The Vedas are ‘Anadi’– beginingless, ‘Ananta’–endless. Vedanta means the end of the Vedas. What does it mean by‘the end of the endless Vedas’? It is called ‘Vedanta’ because it contains the conclusion of the various metaphysical truths, viz., the realisation of the self, which is the purport of the Vedas. In other words, it is the end of the Veda’s quest. It also appears at the end (later) of the Vedas.
Everyone born as a brahmin has (without asking for any reason) necessarily and as a matter of duty to learn, study and practise a Veda Saakha which is one of the branches of the Vedas. A Saakha consists of first the Samhita, next the Braahmana, then the Aaranyaka, at the end of which appear the Upanishad. The conclusion of the Vedasaakha is thus the Upanishad.
What is the reason behind splitting the endless Vedas into so many Saakhas or branches? The individual has to be taught all matters so that spiritual progress is possible for him. First is the study and recitation of the Vedas, then the yajnas and other rituals which he has to study and perform and the mantras relating to these. Next comes an enquiry into the purpose of the yajnas, and, lastly, an enquiry into the Paramaatma Tatva and bringing it within the range of actual experience. All these are required to be given to a student of the Vedas.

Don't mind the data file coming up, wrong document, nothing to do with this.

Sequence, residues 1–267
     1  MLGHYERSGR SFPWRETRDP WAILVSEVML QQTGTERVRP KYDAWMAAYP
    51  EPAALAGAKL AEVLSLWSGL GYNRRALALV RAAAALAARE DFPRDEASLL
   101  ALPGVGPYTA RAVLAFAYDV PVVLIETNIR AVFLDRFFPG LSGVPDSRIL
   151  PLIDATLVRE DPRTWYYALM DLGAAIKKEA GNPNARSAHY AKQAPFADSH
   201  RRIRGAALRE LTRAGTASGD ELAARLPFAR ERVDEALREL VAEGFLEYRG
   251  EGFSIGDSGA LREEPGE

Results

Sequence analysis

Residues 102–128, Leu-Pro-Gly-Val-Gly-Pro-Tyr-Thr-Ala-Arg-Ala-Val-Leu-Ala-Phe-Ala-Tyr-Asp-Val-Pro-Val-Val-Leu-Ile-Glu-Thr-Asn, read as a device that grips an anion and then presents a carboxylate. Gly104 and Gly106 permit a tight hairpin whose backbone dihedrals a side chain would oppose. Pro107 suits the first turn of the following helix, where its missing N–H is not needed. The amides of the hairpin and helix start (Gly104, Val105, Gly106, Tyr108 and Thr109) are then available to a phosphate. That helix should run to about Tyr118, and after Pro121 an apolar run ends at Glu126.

What is given should be adequate to enable a person to attain self-realisation. To master the innumerable Veda Saakhas is an impossible task. A story is told about how sages like Bharadwaaja could only obtain a fistful of earth from out of the Vedic mountains even after thousands of years of study. Therefore, the optimum required to enable a person to cleanse his mind of impurities and become fit to merge with the Paramaatma has been classified and compiled from the endless Vedas and given as a Saakha.
The Saakha details the duties of a brahmin from the moment of his birth to that of his death. First, the Saakha has to be learnt and recited (Adhyayana), i.e. the Samhita mantras are to be learnt by rote. Then, the prescribed yajnas have to be performed with the help of these mantras as described in the Braahmanas. Then, the Aaranyaka which bridges the gap between external action and internal experience has to be cogitated upon. Then, the contents of the Upanishad, which deals only with the internal truth, has to be digested and, lastly the state of liberation (Moksha), where ‘in’ and ‘out’ lose their distinction has to be attained.
This is the plan and purpose of every Saakha, Even one mantra is sufficient for an evolved soul to realise the truth. But a normal common soul has to resort to a multitude of karmas, observances, chanting and meditation to reach that state. Thus, each Saakha contains that measure of mantras, karmas and philosophical instructions as would enable a common man to achieve liberation.